My favorite reading challenge in 2014 is Kid Lit Frenzy’s Nonfiction Picture Book Challenge. I’ve already reached my goal of reading 100 nonfiction picture books, but I don’t plan to stop!
This week, I read Dianna Hutts Aston’s Dream Something Big: The Story of the Watts Towers. Although I’ve seen photos of the Watts Towers before, that was the sum total of prior knowledge I brought to this book.
Photo CC-by Bisayan Lady (Source: Flickr)
Photo CC-by Michael Daines (Source: Flickr)
In 1921, Simon Rodia, a hard-working Italian immigrant, bought a triangular lot in Watts, California, and began sculpting the towers in his spare time. He worked for over thirty years on the project. There are seventeen structures made from scrap steel and mortar and decorated with broken glass, bits of tile, seashells, pottery shards, and many other found objects and materials Rodia (and the neighborhood children) salvaged from the street and the trash. He made the towers using no specialized equipment or even modern construction techniques.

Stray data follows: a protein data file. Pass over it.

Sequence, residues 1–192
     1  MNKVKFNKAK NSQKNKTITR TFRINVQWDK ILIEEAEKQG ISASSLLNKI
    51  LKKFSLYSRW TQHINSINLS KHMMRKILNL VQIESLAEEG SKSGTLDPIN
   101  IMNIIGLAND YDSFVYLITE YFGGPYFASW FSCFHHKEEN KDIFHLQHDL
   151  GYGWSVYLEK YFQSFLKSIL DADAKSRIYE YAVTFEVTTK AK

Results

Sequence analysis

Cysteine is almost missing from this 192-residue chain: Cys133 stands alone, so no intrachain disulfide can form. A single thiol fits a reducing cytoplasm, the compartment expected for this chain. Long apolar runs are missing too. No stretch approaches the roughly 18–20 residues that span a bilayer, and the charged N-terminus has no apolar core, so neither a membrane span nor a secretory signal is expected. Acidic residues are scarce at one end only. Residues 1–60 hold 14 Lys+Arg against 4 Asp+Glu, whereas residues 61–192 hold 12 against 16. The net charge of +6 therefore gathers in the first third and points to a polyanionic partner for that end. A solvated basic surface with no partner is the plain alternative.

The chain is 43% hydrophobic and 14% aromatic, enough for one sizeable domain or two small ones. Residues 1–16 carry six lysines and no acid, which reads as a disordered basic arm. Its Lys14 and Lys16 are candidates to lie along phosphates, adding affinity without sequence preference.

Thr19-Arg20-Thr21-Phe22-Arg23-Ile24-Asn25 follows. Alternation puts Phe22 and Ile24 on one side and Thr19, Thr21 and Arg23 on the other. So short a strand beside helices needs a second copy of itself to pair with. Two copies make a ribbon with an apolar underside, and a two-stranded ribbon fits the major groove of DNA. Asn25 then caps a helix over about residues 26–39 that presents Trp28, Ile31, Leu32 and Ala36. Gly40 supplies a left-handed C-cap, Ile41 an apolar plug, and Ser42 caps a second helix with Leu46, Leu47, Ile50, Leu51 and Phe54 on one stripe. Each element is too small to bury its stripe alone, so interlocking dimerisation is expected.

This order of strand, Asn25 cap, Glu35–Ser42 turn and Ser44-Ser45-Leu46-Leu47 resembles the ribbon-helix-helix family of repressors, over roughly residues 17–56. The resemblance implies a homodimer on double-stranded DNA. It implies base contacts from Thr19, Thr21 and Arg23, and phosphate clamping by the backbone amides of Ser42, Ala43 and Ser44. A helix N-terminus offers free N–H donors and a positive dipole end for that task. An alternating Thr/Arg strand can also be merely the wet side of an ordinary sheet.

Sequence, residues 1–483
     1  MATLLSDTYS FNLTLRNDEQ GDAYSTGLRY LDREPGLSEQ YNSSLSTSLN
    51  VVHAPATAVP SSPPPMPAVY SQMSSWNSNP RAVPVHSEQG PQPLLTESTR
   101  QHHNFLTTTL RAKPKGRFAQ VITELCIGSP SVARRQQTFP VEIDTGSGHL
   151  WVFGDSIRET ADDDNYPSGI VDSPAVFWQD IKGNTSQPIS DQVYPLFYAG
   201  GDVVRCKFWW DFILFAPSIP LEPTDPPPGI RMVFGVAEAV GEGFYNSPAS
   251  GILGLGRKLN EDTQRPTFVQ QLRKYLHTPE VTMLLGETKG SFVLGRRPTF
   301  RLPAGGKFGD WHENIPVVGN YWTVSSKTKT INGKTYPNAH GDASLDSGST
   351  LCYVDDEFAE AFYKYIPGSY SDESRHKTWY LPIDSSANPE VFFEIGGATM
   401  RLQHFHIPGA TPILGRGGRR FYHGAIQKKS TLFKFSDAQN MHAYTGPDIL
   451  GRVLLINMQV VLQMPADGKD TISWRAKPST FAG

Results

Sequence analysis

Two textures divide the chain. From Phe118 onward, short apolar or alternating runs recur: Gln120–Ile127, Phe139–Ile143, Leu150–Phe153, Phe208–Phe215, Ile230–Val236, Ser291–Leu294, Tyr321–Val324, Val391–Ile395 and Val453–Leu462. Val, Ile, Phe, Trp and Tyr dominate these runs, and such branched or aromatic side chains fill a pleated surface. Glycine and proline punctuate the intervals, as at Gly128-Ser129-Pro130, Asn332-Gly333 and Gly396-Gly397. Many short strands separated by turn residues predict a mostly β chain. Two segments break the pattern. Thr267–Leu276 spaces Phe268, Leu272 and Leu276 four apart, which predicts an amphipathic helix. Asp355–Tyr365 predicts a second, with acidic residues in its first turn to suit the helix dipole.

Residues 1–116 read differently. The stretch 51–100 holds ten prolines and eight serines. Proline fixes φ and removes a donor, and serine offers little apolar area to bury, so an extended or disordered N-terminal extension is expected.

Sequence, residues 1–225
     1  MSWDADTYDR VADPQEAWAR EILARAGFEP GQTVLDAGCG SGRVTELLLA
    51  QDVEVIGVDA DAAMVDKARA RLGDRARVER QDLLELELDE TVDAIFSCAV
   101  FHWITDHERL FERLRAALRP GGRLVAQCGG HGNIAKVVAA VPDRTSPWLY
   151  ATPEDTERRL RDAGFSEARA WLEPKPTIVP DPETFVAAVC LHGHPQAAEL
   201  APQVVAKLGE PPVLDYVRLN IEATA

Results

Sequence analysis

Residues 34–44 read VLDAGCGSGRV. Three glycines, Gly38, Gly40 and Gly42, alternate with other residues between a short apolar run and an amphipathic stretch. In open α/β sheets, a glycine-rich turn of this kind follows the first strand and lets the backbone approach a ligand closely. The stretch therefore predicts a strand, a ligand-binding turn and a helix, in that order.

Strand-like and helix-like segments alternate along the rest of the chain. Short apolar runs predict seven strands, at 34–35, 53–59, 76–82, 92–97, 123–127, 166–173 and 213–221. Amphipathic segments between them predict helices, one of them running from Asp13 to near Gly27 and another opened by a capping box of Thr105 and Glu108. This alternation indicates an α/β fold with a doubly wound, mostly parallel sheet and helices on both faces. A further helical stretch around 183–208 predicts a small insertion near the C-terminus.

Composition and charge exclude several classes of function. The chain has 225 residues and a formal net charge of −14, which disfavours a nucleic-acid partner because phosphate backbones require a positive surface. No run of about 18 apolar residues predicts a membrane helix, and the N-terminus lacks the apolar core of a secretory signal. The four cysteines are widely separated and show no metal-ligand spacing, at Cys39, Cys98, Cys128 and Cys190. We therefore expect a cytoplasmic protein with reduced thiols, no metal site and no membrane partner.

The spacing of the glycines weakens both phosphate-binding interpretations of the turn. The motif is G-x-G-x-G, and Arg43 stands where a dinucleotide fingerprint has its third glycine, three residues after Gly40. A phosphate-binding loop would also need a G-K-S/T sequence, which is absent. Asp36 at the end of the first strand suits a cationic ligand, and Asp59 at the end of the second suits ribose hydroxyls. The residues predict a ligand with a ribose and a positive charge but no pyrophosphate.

The narrator of Aston’s story is a neighborhood child named Marguerite who observes Sam, as he’s called by his neighbors, as he works. She helps him find bits of tile, glass, and pottery for his project and describes his methods and beliefs. Aston shows the passage of time as the narrator grows up and introduces her own children to Sam.
Aston’s writing is precise and elegant; words are arranged on the page in a kind of free verse. Here is one of my favorite spreads and passages:
This page highlights what was so beautiful to me about this book: its attention to the act of creation and the necessity of dreaming big. This is a story about imagination and possibility, about dedication to a particular vision. It’s a wonderful book to share with young artists and creators–that is, with all children.
The choice of Susan L. Roth as illustrator is especially inspired. Roth’s collages capture the spirit and methods of Rodia himself, and the folk art quality of her work is the perfect complement to Rodia’s own outsider art.
The back matter includes an Author’s Note with more information about Rodia and the towers and a set of instructions for a craft project to “Create your own Watts Tower” out of pipe cleaners, beads, magazine clippings, etc.
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